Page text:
Czajkowski Farm was founded by Joe’s grandfather, John Czajkowski. The family farm originally grew tobacco, potatoes, and cucumbers but changes have been made since then. Czajkowski now specializes in fruits and organic produce. 100 acres of the 300 acre farm are certified organic.

Along with buying locally, UMass has made other initiatives to support sustainability. In 2011 UMass decided to dedicate the Franklin DC Permaculture Garden for growing food sustainably on campus. Run by 500 volunteers, the Permaculture Garden is about a quarter-acre directly next to the Franklin Dining Commons. UMass is one of the first public universities to have a Permaculture Garden that supplies food to its students. The garden was created to decrease the campus greenhouse gas emissions and help the university reach carbon neutrality by 2050.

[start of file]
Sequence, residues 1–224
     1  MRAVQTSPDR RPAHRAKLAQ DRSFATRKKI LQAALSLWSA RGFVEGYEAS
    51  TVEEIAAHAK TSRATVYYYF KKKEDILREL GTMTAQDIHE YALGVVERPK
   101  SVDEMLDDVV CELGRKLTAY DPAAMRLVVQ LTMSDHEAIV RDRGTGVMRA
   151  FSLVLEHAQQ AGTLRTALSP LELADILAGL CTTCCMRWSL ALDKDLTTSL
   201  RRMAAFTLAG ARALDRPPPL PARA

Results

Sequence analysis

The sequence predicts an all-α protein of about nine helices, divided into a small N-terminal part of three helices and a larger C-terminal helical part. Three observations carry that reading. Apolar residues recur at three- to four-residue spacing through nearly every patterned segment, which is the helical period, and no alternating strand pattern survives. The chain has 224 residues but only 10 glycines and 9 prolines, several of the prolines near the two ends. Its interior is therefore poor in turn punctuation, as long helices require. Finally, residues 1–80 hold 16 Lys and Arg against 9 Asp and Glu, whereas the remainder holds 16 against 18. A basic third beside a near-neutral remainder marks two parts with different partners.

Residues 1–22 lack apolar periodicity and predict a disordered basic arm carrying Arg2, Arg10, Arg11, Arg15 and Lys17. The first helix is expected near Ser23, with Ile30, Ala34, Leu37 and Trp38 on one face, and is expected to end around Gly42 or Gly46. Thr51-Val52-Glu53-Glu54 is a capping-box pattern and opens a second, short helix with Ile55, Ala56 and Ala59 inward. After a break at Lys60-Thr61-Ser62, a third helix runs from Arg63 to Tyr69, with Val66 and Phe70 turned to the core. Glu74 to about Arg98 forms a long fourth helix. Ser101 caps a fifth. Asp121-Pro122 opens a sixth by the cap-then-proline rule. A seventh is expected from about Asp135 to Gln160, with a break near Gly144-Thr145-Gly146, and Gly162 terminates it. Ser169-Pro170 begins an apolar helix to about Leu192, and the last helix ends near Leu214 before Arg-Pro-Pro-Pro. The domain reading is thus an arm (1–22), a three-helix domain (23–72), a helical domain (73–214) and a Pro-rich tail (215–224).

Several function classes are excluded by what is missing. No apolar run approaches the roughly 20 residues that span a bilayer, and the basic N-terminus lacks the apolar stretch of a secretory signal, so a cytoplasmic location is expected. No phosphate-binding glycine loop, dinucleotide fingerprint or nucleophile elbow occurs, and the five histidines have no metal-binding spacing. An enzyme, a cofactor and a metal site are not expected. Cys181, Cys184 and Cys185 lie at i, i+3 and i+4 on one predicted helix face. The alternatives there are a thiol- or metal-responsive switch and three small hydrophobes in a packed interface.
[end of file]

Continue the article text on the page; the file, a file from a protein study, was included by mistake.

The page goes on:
“Over the years, UMass Dining has been looking to local farmers to produce the produce needed in the Dining Commons. By utilizing the local farms and the Permaculture Garden, we are supporting sustainability and promoting the local economy,” said Dianne Sutherland, umass dining services dietitian.

As local farms distribute fresh fruits and vegetables to the university, the Dining Services then renew their waste. In 2007, the Dining Services collected 475 tons of food wastes and shipped it to three local farms.  The wastes were turned into useable food compost.

UMass continues to buy locally, recycle, and promote a healthy environment.

UMass’s strong partnerships with local farms, support small businesses and provide the UMass community with healthy choices and a cleaner environment

“It helps a lot of business in the area,” said Czajkowski.  “It helps keep money in the local economy.”

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Hunger close to UMass? how to help